The Government yesterday declared that its promotional activities at the London Olympics have already begun to reap rewards, and said more business will flow in tourism, exports and investments in the near future.
The Government also defended the sending of five ministers to London and the expenditure of £1 million to stage Jamaica House 2012 at the O2 Arena, a special facility showcasing Jamaica's authentic products while marketing the country's business opportunities and the tourism industry.
"I think it would have been irresponsible if they were not there as policymakers to answer the questions of the persons we were inviting to Jamaica and who we want to do business with," Information Minister Sandrea Falconer stated at a post-Olympics press briefing at the Office of the Prime Minister yesterday.
"I think sometimes we quibble over the smallest things and we speak about a few dollars when, if our policymakers had not gone, we would have lost out on bigger things."
Falconer was flanked by three senior ministers — Roger Clarke (agriculture), Anthony Hylton (industry and commerce), and Dr Wykeham McNeil (tourism and entertainment) — as well as tourism junior minister Damion Crawford who all made the trip to London as part of what they termed a "joined-up government" effort to secure benefits for the country in the wake of the outstanding performance of the country's Olympic team.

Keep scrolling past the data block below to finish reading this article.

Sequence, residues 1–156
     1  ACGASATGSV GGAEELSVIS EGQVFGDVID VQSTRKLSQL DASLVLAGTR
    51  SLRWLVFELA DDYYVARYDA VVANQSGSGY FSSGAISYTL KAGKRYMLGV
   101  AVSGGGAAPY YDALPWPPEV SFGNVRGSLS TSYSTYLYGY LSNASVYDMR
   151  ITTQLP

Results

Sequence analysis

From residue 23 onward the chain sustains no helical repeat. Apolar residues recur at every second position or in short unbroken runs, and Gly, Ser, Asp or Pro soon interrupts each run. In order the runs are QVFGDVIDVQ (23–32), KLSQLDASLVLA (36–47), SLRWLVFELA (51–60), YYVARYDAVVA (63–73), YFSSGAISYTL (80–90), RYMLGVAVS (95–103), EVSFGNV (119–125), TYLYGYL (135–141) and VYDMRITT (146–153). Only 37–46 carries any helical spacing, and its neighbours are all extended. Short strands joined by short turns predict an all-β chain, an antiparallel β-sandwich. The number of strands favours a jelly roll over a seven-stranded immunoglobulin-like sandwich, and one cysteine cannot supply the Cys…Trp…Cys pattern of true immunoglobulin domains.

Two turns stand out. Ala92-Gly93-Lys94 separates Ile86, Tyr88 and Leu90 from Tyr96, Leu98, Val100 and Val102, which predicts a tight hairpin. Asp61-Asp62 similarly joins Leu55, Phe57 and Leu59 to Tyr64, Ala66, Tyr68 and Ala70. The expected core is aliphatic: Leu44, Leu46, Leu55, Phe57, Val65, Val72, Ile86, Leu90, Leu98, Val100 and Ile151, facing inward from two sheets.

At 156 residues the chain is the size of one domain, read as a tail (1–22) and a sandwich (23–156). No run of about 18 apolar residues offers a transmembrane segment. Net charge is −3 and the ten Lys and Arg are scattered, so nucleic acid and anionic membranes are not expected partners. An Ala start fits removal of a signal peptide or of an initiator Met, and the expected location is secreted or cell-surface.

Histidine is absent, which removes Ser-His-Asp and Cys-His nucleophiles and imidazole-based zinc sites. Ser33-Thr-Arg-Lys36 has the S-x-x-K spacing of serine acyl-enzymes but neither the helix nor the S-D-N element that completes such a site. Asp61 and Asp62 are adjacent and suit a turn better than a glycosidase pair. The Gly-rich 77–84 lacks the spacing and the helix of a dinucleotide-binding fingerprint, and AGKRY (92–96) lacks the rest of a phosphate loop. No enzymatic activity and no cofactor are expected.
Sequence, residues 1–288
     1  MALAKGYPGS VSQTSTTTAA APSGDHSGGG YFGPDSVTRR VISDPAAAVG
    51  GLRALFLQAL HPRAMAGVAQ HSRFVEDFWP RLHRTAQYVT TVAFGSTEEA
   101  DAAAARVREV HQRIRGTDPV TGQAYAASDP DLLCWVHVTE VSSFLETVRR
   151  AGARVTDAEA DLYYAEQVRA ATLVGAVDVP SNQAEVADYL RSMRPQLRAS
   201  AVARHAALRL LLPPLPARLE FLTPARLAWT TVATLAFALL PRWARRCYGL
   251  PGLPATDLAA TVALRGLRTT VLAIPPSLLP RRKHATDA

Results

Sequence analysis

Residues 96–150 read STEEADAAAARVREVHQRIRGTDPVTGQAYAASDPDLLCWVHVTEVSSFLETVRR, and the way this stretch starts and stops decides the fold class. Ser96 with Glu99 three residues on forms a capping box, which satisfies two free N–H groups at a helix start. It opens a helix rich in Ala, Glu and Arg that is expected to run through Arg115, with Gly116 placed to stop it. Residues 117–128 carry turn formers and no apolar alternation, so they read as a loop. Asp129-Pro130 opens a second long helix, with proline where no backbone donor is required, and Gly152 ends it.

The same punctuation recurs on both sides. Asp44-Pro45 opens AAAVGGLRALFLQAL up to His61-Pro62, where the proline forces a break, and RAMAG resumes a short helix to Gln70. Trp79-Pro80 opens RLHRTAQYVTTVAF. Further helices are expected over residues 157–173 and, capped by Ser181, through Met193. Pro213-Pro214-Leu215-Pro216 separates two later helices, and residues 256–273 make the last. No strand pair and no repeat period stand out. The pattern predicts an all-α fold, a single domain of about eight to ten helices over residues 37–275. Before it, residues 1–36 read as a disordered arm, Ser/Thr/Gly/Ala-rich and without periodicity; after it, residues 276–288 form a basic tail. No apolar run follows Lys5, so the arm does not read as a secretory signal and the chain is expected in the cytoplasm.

Of the budget for the effort, £150,000 came from sponsorship. The figure, however, does not include the bill for travel and accommodation of the four government ministers — including sports minister Natalie Neita-Headley — and five other persons who assisted the ministerial delegation.
Crawford's trip was paid for by the Caricom secretariat, Dr McNeil disclosed.
"Jamaica House was a huge success, maybe more successful than we had the capacity to maintain, but is certainly a concept we will use moving forward," Dr McNeil said in defending the promotional effort. "I think it would have been a disgrace if we had not used the London Olympics to maximise the benefits (to the country)."
Dr McNeil also disclosed that visitor arrivals from the UK are showing a six per cent increase for May through August over last year, after showing a nine per cent decline last year.
Ministers McNeil and Hylton defended Crawford's role in London, saying that the dreadlocked minister hosted a high-level forum on the effect on Caricom of the Economic Partnership Agreement with the European Union, among other things.
While in the UK, Crawford had 'tweeted' that he and several Jamaican entertainers who performed there "shell dung a club in London", a slang term indicating that they found time to party in the UK capital.
Among the things they said were achieved in England were:
* Meetings with over 300 travel agents and tour operators;
* 600 accredited media filing stories about Jamaica House;
* More than 2,000 visitors to Jamaica House per day for 10 days;
* 36,000 new seats from UK confirmed for next year;
* Meetings with 500 potential investors, distributors and business partners;
* 13 investment leads made in manufacturing and business process outsourcing, etc
* $14 million in retail sales for 95 local manufacturers;
* 340 million viewers reached through broadcast;
* 30,000 consumers exposed to Jamaican products at Birmingham event;
* Meeting with consortium on sale of fresh produce to UK; and
* Meeting with an investor on the sale of a cocoa farm in St Mary.